Fanatics brainwash their followers, but telling them lies isn't enough. They have to change their whole MINDSET. "Believe or be damned". This, with its implications: "Teach what I told you or be damned". In the end, they're just sputtering the lies that their human leaders have invented.

      What does that have to do with the Bible? NOTHING! They're just using the bible as an excuse to justify their twisted beliefs. They've forgotten that the Bible was written by MEN (inspired or not, that's beyond our scope), and must remember that. And more important, non-scientist men.

      We've reached an era where superstition and fanatism have surpassed science and reason. To put it simply, fanatics can't accept science because that would mean their entire belief system is WRONG (cognitive dissonance anyone?).

      Ironically, a passage of Bible speaks about people shutting their eyes and covering their ears so they wouldn't listen to God's Truth. Yes, pretty ironic.
    • by paiute (550198) on Friday May 06, 2005 @10:58AM (#12451774)
      Here is the bottom line: Parents want to spend eternity in Heaven sobbing on the shoulder of Jesus. They want their children to be there, too. If the children are taught evolution, then their minds may be tainted and exposed to sin. Their souls are at risk. They might end up in the fires of Hell. When it comes right down to it, any loving Christian parent should be willing to silence this threat to their loved ones' salvation. No price is too dear to pay in this temporary existence to gain eternal bliss.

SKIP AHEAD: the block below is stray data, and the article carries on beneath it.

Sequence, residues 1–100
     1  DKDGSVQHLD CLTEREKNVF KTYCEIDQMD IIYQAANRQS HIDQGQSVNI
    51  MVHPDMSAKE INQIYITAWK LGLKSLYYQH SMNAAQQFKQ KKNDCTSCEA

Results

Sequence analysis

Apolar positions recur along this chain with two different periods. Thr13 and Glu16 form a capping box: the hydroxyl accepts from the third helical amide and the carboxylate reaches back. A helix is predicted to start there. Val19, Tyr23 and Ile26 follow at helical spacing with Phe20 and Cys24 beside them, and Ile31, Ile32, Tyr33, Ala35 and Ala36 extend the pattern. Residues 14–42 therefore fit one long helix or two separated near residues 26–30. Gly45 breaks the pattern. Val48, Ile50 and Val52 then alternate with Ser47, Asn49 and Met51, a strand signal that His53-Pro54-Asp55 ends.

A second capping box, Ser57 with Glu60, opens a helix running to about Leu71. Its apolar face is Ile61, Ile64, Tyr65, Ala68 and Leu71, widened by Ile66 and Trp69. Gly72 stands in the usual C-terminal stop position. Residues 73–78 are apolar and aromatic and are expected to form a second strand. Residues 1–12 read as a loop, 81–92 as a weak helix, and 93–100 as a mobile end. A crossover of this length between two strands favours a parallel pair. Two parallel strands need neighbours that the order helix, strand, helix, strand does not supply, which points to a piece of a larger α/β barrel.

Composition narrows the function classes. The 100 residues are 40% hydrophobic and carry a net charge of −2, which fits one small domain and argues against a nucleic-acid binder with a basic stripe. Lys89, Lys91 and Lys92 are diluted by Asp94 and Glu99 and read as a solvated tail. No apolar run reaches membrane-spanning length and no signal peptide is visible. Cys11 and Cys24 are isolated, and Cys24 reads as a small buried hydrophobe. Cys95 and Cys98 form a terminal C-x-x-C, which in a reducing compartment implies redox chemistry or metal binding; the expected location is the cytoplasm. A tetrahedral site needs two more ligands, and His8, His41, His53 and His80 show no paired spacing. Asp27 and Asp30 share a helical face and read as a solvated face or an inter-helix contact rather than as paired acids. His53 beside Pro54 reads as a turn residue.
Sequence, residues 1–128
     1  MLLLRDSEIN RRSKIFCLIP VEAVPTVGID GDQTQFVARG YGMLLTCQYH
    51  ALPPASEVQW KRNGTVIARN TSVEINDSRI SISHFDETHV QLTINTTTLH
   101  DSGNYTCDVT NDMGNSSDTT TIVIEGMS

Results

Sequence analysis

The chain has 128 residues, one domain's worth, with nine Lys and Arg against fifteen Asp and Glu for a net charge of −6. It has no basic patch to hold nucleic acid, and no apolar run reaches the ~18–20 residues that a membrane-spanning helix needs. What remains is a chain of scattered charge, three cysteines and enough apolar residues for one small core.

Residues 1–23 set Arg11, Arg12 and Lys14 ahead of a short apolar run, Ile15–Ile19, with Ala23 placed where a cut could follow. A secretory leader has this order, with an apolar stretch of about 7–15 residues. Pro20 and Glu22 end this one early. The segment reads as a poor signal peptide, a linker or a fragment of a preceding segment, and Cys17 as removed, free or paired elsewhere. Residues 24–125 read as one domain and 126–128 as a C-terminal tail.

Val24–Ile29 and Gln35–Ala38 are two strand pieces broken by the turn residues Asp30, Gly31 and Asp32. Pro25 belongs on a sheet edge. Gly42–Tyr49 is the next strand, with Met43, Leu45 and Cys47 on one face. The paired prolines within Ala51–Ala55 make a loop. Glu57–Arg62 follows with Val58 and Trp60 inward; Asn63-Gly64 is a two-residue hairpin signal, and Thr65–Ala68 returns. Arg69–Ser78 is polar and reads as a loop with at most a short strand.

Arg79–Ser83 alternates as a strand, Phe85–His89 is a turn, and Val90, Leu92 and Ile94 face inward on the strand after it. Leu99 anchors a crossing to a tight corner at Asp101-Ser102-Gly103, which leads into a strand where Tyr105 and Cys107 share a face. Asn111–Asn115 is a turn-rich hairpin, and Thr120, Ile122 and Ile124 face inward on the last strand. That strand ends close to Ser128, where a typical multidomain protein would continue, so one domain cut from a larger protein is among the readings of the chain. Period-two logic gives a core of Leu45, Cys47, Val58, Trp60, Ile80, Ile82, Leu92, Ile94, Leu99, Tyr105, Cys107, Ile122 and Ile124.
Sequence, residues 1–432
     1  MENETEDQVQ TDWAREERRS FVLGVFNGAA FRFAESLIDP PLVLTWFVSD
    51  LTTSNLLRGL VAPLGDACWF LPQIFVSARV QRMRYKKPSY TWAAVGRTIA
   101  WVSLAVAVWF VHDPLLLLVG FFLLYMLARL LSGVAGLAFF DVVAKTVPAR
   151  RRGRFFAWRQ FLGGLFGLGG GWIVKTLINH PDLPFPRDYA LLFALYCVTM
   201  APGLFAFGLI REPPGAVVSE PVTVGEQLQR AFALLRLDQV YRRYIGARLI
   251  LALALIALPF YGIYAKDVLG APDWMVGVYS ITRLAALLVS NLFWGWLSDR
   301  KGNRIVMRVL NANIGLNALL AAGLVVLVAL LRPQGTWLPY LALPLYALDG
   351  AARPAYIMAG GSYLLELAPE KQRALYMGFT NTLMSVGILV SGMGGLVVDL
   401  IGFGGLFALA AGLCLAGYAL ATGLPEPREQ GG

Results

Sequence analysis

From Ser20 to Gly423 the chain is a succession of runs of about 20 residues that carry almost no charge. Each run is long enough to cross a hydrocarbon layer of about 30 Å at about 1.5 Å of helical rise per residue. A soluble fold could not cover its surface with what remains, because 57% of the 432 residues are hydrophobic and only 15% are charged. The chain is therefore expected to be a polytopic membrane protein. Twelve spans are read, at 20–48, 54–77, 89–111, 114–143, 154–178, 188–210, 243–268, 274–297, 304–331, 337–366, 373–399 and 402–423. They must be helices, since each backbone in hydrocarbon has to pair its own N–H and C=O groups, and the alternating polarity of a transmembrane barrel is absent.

You think I'm kidding?

    • by enjo13 (444114) on Friday May 06, 2005 @11:04AM (#12451921) Homepage
      I can answer with an andecote.

      During my undergraduate years I was in an honors program at a certain college in the middle of Arkansas. This honors program, by its very design, was intended to challenge the fundamental belief system of its students. It exposed students to a variety of new religious philosophies, explored the abortion debate, and took on a variety of other issues that most of the students had never been exposed to before.